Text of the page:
Prepared for Emergencies? Keep Your Pets Safe Today.
Any number of emergencies can occur at any minute, from a car wreck to a natural disaster, to a house fire. It is always the best policy to be prepared in these situations, and that means considering what your pets need to survive an emergency as well. Since September is National Disaster Preparedness Month, you should take this time to review your family’s emergency plan and make sure that your pets are included as well!
In the event of an emergency, you must consider that you could be gone from your home for anywhere from a few hours to a few weeks. You could also potentially face a permanent evacuation, which happened to many families and their pets during Hurricane Katrina. Other types of emergencies or disasters may trap you at home for an unknown length of time. In any of these cases, find out how to be prepared:
1. Identify Pets
We all know how important it is to make sure our pets have a well-fitting collar, ID tag, and are microchipped, but I’m going to repeat it. You should make sure that these things are always on your dog or cat and always up to date. The chances of your pet becoming lost and scared in an emergency are higher than in normal circumstances, so take these steps to make sure that your pet can be returned to you if he is found! Check out this blog about preventing lost pets and this one about what to do if you find one!
You should also put a sticker on your front door so emergency workers know that there are pets in the house. This sticker should have the number and types of pets you have inside your home and their emergency contact numbers. If you must evacuate your home, take your pets with you and write “EVACUATED” on your front door sticker.
You should also keep recent photos of your pets, which should be pretty easy these days will smart phones.
2. Emergency Contact List
In the case of an emergency, having a contact list already prepared will make your plan much more effective and less stressful. Your list should include: your regular vet; an emergency or 24/7 vet in your area and in your predetermined evacuation destination; kennels, shelters and dog sitters in your area and evacuation destination that will help house pets in an emergency; hotels that are pet-friendly; and friends and family who can help with your pets if needed.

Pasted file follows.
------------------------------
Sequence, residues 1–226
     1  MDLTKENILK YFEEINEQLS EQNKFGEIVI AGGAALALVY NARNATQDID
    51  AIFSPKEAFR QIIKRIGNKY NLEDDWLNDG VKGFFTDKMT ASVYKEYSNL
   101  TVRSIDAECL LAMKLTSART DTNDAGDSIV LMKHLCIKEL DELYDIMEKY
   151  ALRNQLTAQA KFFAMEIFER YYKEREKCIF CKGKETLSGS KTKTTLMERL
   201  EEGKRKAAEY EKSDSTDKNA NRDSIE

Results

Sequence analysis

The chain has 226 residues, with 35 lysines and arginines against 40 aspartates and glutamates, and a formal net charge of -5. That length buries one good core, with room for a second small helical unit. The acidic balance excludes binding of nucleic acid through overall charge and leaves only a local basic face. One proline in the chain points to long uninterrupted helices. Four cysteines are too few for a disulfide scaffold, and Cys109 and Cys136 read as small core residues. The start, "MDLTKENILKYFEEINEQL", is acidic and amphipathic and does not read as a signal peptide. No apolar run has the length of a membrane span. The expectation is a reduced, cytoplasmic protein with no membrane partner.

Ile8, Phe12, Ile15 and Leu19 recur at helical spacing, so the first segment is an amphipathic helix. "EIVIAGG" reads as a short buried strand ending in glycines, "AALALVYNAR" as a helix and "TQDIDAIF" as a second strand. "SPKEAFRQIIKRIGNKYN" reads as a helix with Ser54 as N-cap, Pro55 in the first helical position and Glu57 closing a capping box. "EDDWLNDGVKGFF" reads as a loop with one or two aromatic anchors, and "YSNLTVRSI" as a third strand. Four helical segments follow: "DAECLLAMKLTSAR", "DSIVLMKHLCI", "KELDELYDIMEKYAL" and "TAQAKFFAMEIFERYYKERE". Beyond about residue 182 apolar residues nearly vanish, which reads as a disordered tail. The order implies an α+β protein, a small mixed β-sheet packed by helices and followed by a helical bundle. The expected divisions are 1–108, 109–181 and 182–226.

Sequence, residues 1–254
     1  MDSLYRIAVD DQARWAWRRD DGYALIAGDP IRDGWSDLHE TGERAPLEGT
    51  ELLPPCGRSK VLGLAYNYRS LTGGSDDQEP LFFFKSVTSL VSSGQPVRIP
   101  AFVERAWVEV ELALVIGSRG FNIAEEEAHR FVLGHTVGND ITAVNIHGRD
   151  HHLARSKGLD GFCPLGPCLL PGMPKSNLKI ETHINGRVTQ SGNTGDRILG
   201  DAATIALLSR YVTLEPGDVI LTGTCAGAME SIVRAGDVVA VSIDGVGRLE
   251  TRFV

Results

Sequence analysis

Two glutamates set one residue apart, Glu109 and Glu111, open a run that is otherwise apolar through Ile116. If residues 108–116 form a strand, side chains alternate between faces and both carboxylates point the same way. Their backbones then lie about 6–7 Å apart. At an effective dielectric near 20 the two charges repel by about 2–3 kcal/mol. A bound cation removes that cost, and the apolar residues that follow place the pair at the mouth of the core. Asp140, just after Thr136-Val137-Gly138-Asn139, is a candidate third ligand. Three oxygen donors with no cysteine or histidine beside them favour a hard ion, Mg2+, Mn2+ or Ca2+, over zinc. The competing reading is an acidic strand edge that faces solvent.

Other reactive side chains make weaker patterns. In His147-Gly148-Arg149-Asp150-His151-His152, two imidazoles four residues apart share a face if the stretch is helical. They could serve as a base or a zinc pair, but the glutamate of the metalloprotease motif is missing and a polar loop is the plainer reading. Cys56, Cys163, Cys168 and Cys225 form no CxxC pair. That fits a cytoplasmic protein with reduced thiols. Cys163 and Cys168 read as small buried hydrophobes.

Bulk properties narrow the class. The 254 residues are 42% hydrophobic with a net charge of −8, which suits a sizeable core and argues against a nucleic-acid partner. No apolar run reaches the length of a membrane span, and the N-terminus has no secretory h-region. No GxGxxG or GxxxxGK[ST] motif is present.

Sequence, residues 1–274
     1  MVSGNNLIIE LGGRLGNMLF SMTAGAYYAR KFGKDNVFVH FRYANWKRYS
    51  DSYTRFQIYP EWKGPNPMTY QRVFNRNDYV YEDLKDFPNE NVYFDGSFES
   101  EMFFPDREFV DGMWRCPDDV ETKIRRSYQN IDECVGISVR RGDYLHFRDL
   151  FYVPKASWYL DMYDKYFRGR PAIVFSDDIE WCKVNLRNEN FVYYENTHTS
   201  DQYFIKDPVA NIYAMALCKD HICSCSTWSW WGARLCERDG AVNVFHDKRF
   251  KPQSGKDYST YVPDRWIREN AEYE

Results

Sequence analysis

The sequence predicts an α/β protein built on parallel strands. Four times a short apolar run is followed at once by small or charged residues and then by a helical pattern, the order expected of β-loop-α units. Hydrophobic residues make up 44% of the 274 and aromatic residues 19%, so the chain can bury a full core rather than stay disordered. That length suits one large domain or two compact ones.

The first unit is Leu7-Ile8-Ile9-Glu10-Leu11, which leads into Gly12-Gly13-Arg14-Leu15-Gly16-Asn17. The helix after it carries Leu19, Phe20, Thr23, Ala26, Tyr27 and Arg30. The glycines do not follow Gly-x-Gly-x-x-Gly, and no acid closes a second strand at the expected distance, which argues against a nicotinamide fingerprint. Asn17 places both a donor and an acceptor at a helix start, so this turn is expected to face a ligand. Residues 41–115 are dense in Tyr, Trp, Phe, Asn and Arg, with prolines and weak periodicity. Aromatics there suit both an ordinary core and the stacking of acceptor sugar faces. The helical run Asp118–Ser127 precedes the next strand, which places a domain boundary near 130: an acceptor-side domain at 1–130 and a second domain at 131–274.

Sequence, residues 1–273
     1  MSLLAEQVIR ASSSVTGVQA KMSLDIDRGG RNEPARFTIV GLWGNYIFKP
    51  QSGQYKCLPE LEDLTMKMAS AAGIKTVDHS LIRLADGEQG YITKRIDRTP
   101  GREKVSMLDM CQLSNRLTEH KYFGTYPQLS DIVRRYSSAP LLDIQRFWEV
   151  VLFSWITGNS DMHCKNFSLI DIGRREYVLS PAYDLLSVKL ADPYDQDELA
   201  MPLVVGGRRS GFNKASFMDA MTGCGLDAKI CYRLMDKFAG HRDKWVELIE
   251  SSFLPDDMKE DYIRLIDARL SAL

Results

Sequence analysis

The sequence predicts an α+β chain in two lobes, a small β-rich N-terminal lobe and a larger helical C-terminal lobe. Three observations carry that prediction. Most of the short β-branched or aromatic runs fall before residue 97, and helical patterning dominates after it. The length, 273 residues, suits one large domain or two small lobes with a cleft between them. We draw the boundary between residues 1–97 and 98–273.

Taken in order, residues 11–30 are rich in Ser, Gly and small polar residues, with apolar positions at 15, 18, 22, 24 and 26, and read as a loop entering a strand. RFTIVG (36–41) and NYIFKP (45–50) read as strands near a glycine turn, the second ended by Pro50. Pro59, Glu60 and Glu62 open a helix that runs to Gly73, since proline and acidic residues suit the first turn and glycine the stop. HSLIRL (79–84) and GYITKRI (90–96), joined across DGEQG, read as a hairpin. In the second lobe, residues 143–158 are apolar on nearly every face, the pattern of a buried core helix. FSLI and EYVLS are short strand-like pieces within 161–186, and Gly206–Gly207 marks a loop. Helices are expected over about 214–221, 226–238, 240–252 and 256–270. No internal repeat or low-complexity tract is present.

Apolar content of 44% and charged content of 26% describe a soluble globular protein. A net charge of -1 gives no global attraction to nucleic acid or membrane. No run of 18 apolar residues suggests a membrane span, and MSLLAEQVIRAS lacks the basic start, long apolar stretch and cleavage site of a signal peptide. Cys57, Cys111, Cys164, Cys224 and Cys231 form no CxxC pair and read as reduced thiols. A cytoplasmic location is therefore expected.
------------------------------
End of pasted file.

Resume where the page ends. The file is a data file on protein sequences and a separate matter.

Give your house key to a trusted someone who lives nearby in case they need to evacuate your pets if you can’t get to them.
Remember, if it isn’t safe at home and you must evacuate, then that means your pets should go with you because it’s not safe for them either!
3. Grab and Go Bag
If the disaster you are facing causes you to evacuate your house, such as for flooding or wildfires-then you need to be prepared with a bag packed for your family and for your pets. This bag should stay in your garage or near your door so you can grab it and go quickly. You also need to make sure that your grab and go bag is always up to date with current medical information, phone numbers, and addresses. All food and medicine you have in the grab and go bag should be rotated regularly to prevent spoiling.
Your pet’s bag should include: a first aid kit, a week or more of food and bottled water for every pet, water and food bowls, leashes, a traveling crate, a litter pan and litter, medications, a flashlight, a blanket and pillowcase (to transport angry cats with claws), a can opener, trash bags, and paper towels. You can also include some toys and chews. Check out this blog on pet first-aid, and this one on pet CPR so you can be prepared!
You should also have a predetermined destination in case of evacuation. Get this bag packed and your evacuation destination figured out this month. You will feel a sense of relief and preparedness when it’s done, I promise!
4. Quarantine Preparation
There may be circumstances or emergencies when you are stuck inside your house for an unknown length of time as well. I have recently seen cities on lock-down in the news when dangerous criminals were on a rampage. You could also end up snowed in or quarantined due to some very contagious disease.
There are some special considerations for being stuck at home. If you should not be going outside for some reason (a contaminant, for instance), then your pets shouldn’t either! You may want to keep some potty training pads at your house for this scenario. In this case, your grab and go bag will still come in very handy! You should have food, water, and first aid materials inside and it should be in your house, packed and ready to go.
There may also be circumstances when you are stuck at home and may lose access to city water. If you think this is at risk of occurring, then fill all of the bathtubs, sinks, and large containers in your home with water immediately so you have a reservoir to fall back on.
In case of a tornado, you should bring your pets into the bathroom or basement with you as well to keep them safe!
What have you done to prepare your pets for an emergency? Let me know in the comment section below!
- Jessie Isbell